The terms used to describe pilonidal disease are confusing to both patients and physicians. A “pilonidal cyst” is the term used when there is a pocket of hair under the skin. It is not really a cyst in the true meaning of the word, but it is the name commonly used.
If the “cyst” becomes infected and painful, it is called a “pilonidal abscess”.
If the inflammation from the cyst burrows sideways and creates an opening that intermittently becomes painful and drains, it is now called a “pilonidal sinus”.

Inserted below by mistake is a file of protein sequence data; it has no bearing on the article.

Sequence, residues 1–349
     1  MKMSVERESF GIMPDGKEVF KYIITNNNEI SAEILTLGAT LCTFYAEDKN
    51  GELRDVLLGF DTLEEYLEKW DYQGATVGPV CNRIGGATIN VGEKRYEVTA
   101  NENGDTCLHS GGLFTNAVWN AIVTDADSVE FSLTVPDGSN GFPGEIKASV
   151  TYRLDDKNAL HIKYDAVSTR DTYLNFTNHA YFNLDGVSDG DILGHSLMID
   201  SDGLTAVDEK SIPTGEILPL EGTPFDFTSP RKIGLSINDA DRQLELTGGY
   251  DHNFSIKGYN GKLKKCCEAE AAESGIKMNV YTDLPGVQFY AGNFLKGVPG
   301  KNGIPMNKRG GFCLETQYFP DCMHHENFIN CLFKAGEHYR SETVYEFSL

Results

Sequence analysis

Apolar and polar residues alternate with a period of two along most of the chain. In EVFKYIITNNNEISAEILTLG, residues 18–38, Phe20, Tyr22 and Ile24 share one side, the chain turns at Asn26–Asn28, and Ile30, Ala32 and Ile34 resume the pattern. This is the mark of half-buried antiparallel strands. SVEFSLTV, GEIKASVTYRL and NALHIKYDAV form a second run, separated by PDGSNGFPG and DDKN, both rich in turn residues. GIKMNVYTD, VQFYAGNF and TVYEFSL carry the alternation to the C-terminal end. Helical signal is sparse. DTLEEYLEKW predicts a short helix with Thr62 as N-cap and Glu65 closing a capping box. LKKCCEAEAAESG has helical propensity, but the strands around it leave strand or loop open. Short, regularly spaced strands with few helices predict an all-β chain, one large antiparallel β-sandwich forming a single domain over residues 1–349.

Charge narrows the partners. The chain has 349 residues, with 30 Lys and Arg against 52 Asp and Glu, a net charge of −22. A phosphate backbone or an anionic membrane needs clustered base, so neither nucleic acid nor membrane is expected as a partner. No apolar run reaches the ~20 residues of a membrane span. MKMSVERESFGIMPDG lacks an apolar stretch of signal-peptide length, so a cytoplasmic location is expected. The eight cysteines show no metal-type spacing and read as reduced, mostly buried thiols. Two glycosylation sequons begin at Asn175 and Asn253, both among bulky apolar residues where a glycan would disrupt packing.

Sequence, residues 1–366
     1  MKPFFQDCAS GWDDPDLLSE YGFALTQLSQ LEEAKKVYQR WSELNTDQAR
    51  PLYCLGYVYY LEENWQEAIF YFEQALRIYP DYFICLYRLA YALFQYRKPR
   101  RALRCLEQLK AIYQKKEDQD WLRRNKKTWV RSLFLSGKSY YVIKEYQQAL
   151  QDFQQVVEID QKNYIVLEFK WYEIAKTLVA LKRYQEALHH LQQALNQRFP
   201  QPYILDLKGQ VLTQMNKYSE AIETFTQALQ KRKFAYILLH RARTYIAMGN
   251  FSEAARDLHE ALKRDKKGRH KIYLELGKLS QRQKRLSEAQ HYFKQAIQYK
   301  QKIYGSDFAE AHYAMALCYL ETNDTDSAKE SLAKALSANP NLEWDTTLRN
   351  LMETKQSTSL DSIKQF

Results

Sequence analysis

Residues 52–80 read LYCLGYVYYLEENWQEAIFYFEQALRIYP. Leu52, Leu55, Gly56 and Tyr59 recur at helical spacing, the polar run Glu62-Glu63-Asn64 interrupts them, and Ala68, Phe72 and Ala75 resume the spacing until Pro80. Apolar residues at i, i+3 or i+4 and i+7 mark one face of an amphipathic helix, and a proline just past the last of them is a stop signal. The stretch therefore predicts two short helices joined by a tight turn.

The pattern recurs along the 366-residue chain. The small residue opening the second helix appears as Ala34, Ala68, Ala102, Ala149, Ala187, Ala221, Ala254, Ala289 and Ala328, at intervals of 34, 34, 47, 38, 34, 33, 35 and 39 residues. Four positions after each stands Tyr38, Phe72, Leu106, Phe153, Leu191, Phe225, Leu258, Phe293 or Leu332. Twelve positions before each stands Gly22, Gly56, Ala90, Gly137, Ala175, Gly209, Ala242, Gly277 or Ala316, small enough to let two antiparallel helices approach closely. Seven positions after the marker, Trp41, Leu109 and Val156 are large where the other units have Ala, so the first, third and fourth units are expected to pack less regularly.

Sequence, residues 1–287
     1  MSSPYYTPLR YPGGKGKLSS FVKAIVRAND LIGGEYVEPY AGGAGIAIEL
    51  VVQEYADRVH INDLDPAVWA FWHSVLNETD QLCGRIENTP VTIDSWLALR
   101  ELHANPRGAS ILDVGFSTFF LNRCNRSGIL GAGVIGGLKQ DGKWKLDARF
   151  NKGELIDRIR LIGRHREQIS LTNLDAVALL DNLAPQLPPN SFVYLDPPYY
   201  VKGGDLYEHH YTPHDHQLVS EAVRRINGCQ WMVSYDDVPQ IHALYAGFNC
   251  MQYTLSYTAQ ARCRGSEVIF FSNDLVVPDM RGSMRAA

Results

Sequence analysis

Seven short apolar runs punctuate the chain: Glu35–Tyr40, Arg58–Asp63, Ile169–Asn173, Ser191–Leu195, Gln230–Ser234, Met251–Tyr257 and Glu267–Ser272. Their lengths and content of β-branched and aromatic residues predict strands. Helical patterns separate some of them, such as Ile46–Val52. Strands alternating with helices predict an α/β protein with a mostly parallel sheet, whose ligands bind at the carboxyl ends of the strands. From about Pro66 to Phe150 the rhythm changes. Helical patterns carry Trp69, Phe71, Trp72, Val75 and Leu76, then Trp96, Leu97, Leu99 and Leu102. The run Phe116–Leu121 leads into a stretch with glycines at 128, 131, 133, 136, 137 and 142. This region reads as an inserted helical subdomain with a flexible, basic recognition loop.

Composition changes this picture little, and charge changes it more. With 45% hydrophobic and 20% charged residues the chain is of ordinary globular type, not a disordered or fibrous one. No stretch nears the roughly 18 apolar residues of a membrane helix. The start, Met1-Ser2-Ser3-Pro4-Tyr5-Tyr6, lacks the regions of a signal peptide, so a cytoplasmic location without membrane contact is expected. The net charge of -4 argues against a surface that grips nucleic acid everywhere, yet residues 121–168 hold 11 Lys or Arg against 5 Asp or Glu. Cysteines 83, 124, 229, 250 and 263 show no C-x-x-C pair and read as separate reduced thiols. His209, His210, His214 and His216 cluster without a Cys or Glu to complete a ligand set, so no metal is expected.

If there is not a noticeable cyst, abscess, or sinus – but there are enlarged midline pores (pits) or even open wounds – we don’t have good terminology, and it is often just referred to as “pilonidal disease”.
When surgery for pilonidal disease fails, and patients are left with open wounds that aren’t healing because of their location in the gluteal crease, we call this pilonidal disease or pilonidal wounds – but, again, there isn’t well accepted terminology for this.